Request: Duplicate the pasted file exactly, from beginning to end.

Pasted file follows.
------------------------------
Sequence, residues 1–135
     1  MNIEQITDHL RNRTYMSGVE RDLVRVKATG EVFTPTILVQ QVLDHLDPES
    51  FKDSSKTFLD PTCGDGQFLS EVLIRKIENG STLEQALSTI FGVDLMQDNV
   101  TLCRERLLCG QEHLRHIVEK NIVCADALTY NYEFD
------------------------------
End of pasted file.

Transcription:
Sequence, residues 1–135
     1  MNIEQITDHL RNRTYMSGVE RDLVRVKATG EVFTPTILVQ QVLDHLDPES
    51  FKDSSKTFLD PTCGDGQFLS EVLIRKIENG STLEQALSTI FGVDLMQDNV
   101  TLCRERLLCG QEHLRHIVEK NIVCADALTY NYEFD